J.J. Abrams loves secrets and surprises. His “loose lips sink ships” approach to filmmaking is kind of noble and impressive in our era of spoilers and TMZ.
While he was directing the biggest movie in the world, “Star Wars: The Force Awakens,” Abrams took it to the next level as his Bad Robot production company went and made a movie that nobody even knew existed until the trailer debuted two months ago.
“10 Cloverfield Lane” is a nutso chamber piece that was made in complete secrecy by first-time director Dan Trachtenberg.
Billed by Abrams as a “blood relative” to his giant monster rampage flick “Cloverfield,” “10 Cloverfield Lane” is a genre mashup about three people in a bunker after the world may or may not have ended.
Mary Elizabeth Winstead stars as Michelle, a young woman who is knocked unconscious in a car wreck and wakes up to find herself in an underground bunker.
Her “rescuer” Howard (John Goodman) is a doomsday prepper and conspiracy nut who breaks the news some kind of attack has rendered the atmosphere toxic and unbreathable.
Michelle is a tad bit skeptical, as you would imagine, but Howard’s story is given some credence by Emmett (John Gallagher Jr.), a neighbor who headed straight to Howard’s bunker after seeing a flash in the sky.
The vast majority of the movie plays out as a tense psychological thriller as we watch things unfold through Michelle’s eyes while never being sure of who to trust or what to believe.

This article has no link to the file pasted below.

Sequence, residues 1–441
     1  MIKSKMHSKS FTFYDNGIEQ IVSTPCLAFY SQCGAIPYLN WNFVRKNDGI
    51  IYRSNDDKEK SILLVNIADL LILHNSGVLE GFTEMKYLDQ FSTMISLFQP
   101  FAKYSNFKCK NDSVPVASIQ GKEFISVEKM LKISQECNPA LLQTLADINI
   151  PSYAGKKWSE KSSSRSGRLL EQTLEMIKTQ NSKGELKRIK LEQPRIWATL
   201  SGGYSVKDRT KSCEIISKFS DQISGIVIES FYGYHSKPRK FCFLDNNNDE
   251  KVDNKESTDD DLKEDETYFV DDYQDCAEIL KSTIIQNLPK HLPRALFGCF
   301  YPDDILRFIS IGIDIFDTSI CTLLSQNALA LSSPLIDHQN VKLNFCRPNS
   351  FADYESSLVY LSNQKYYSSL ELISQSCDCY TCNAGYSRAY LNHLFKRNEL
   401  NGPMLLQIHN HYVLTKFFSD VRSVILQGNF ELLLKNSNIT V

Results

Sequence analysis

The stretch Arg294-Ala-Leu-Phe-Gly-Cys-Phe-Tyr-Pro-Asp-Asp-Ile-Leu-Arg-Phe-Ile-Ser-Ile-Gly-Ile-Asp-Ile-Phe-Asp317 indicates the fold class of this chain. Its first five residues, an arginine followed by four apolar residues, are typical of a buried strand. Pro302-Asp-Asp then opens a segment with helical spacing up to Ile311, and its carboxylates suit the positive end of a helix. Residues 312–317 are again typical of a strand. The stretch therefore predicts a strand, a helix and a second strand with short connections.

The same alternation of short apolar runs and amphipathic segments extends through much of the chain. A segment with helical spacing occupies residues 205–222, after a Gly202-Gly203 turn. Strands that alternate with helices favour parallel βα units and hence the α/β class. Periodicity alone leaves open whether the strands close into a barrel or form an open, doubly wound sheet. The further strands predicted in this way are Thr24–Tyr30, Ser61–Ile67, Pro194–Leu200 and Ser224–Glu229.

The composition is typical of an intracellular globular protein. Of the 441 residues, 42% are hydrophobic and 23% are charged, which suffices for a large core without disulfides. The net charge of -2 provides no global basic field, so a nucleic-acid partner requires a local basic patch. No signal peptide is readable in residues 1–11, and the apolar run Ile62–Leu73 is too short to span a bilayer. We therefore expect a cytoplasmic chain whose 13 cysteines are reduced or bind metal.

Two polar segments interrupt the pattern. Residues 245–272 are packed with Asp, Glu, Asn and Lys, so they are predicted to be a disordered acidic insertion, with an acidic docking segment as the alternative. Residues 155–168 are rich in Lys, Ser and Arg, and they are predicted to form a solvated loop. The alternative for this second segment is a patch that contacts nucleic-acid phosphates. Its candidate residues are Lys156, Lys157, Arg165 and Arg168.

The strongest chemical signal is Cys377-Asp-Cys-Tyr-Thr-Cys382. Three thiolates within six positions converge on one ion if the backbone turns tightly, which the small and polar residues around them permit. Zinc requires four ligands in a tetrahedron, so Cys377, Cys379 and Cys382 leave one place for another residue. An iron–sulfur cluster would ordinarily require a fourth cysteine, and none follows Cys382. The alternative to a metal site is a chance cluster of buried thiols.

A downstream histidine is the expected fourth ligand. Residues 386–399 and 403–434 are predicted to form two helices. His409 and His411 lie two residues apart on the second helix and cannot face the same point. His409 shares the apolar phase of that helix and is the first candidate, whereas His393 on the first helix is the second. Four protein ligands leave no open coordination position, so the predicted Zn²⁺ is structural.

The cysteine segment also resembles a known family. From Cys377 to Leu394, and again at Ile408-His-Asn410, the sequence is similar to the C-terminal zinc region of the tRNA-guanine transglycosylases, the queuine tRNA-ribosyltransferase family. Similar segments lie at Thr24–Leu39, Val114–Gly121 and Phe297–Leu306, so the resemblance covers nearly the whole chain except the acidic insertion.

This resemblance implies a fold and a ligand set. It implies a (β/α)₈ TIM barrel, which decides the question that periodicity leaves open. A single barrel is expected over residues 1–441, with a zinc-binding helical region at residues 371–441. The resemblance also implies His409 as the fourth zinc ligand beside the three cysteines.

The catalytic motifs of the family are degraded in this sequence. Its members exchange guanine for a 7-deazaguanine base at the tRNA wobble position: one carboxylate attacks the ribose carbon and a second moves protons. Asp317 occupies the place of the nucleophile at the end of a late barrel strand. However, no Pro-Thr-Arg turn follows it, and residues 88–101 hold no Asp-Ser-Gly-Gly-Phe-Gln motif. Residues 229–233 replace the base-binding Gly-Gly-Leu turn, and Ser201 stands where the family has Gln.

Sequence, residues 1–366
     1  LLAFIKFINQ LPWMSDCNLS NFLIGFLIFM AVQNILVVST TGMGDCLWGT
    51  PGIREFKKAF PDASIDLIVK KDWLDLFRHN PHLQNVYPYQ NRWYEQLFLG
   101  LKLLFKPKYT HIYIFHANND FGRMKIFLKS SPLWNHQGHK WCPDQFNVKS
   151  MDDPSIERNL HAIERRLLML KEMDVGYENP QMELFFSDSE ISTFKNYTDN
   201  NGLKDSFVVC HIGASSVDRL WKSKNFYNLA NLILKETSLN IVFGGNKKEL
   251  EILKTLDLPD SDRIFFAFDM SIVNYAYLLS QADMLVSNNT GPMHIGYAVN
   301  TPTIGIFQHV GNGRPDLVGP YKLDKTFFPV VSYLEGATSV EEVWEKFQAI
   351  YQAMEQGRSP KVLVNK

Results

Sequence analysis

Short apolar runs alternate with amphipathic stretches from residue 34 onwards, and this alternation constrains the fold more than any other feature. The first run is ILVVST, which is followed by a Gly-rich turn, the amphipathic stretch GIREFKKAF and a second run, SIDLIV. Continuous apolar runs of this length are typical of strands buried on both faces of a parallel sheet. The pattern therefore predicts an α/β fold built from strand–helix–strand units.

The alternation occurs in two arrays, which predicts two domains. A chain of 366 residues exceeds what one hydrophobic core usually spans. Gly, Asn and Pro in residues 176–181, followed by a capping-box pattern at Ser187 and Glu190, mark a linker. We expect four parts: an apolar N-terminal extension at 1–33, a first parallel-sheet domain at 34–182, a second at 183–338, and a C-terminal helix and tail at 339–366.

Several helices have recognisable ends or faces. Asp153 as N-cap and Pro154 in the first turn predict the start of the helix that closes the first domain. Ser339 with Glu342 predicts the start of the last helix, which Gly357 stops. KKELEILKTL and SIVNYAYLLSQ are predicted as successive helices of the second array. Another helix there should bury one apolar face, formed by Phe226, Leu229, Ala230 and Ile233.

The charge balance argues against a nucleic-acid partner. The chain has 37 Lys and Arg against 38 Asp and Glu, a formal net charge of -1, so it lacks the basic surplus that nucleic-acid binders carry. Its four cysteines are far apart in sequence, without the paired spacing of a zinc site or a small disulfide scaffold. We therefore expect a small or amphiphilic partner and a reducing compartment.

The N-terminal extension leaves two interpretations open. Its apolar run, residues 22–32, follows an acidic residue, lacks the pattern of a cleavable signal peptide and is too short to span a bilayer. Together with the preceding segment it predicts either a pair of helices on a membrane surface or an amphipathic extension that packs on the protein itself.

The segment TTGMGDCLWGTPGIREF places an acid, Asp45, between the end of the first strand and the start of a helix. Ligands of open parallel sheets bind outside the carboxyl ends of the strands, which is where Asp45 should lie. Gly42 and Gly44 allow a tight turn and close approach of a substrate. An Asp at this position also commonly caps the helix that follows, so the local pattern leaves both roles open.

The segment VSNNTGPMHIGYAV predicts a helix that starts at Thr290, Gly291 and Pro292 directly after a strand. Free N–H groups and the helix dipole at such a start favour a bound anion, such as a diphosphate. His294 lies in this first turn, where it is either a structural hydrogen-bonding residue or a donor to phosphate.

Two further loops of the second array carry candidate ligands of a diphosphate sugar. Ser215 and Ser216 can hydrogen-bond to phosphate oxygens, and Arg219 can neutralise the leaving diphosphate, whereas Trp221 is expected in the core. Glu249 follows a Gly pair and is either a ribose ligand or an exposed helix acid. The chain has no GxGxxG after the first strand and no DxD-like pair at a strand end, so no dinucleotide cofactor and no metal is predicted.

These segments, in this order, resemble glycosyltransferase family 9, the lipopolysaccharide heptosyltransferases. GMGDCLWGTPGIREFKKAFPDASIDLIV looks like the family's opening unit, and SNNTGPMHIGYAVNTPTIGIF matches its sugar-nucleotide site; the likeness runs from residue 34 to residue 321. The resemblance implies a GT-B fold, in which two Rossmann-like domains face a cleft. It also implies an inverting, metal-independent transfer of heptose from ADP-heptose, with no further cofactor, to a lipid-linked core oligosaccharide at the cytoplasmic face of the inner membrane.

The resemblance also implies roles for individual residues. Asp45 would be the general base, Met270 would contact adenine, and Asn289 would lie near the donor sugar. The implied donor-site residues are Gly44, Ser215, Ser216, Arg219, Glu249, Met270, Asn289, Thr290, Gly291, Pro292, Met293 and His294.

Winstead does an admirable job as the tough and capable heroine, while Gallagher Jr. is solid as the likable comic relief. But it is Goodman who makes this movie work.
Goodman has always been an actor who has used his physically imposing size to his advantage. He can seamlessly play charming and jovial in one movie and volatile and intimidating in the next. In “10 Cloverfield Lane,” he gets to play all of it at once.
This movie doesn’t hold up to a lot of intense scrutiny, but Trachtenberg does a good job of finding plenty of different places to put his camera in his cramped work environment and manages to make the proceedings feel claustrophobic without being oppressive or repetitive.
“10 Cloverfield Lane” certainly wins points for originality and, while its climax will garner its share of eye-rolls, I tip my hat for it at least trying to be a little bit different.
Abrams has figured out in some cases the mystery and intrigue surrounding a project can be more fun than the final result. Such is the case here, but it is surprising in our disposable pop-culture landscape how far a little razzle-dazzle can get you.
“10 Cloverfield Lane” is rated PG-13 for thematic material, including frightening sequences of threat with some violence and brief language.